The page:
Data Warehousing and Hadoop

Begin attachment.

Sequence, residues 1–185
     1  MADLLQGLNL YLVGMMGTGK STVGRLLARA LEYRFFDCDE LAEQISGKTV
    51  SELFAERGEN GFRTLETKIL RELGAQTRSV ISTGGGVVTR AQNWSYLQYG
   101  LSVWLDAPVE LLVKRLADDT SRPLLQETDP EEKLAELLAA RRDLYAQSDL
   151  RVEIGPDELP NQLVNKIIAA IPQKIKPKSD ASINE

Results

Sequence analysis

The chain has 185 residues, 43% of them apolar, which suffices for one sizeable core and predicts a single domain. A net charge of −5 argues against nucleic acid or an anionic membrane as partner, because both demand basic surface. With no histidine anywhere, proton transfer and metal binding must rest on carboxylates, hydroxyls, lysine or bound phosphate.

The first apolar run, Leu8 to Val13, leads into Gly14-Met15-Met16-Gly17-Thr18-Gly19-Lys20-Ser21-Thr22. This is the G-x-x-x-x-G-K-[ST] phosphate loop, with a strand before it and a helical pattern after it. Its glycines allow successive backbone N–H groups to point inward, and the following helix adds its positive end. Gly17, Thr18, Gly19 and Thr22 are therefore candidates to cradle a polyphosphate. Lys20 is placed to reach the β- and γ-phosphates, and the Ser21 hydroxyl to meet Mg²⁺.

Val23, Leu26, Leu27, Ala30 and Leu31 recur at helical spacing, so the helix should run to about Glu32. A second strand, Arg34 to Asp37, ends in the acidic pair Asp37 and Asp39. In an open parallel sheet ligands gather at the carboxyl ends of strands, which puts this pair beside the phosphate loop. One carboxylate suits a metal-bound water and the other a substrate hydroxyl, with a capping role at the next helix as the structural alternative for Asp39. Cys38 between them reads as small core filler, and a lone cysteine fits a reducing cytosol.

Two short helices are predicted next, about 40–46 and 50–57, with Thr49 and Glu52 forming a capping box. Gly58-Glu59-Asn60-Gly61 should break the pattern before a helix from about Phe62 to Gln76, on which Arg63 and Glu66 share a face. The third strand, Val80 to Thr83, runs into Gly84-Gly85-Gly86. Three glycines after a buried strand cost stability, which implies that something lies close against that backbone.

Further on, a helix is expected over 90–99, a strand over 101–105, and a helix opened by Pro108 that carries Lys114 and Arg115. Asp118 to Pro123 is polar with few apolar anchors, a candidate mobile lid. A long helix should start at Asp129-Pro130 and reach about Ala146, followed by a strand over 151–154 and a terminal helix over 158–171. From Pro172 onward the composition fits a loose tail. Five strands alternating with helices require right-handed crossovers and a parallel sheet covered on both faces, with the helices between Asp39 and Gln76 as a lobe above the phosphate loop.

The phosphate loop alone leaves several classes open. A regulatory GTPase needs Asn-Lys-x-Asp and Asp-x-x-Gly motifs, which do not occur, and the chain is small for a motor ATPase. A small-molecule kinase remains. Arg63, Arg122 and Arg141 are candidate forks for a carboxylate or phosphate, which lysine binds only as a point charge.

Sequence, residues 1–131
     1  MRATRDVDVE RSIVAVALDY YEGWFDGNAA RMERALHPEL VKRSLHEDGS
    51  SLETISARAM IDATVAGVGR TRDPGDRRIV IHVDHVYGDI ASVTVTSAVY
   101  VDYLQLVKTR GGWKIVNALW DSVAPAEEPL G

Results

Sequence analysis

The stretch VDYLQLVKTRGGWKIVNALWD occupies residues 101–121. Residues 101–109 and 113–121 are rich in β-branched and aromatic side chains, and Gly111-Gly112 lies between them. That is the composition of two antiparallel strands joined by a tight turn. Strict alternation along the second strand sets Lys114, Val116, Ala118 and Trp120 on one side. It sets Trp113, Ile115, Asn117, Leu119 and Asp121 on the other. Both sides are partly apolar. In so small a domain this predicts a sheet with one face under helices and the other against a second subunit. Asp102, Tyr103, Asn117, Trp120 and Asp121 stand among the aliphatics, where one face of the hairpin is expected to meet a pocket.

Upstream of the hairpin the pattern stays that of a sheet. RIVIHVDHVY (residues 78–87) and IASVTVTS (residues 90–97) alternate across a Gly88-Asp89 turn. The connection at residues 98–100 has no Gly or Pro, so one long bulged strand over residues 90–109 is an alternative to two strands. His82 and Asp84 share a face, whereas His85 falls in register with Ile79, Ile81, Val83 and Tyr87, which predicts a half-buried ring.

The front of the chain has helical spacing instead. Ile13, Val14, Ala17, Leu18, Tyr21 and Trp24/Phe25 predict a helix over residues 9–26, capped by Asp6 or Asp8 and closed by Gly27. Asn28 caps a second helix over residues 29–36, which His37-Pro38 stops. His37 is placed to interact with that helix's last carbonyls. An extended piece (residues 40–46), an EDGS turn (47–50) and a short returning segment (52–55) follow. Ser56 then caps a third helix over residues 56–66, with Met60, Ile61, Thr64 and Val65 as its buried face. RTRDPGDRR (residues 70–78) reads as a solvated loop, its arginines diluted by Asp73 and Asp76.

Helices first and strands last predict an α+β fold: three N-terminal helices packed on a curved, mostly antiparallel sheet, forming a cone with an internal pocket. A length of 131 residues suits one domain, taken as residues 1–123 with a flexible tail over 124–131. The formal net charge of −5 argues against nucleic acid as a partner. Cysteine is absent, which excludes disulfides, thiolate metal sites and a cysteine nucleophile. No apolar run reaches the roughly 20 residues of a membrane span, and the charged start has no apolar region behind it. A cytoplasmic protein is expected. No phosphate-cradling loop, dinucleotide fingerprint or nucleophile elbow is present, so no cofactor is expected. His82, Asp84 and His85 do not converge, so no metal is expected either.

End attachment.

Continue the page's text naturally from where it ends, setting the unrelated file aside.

The era of Big Data is dominated by tools that do not originate from the traditional SQL-based database and Data Warehouse (DWH) area. DWHs are used for high-value, structured, and integrated data in OLAP scenarios. Big Data tools have a wider range of use, as these are not restricted to structured data, but can often handle a larger quantity of more heterogeneous data, e.g. XML files, JSON, or pictures and video. Besides NoSQL systems, Apache Hadoop has gained widespread attention in both academia and practice. It includes processing with the MapReduce paradigm, which allows distributing a task to many simple workers, enabling MapReduce applications to scale horizontally with commodity machines for Big Data. Through imperative programming, it is more flexible than the declarative SQL of traditional systems, but this flexibility also increases complexity. The latest Apache Hadoop 2.0 stack contains a variety of novel tools, e.g., a distributed file system (HDFS) and cluster management tools. This opens up several options for using Hadoop with a DWH (e.g., Hadoop as ETL tool, or Hadoop as DWH-complement) to create a Big Data-ready DWH that enriches the BI approach of a company. The goal of this thesis is to analyze if and how Hadoop with or without a DWH can be used as part of a Big Data-ready BI initiative of a company and which limitations and potentials exists. Such systems consisting of multiple physical data storage entities can also be called Logical Data Warehouse (LDWH) if the data is not stored in one single central DWH anymore. The thesis will provide an overview of relevant use cases from practice, which should be gathered, analyzed, and compared with an appropriate method to arrive at a structured comparison.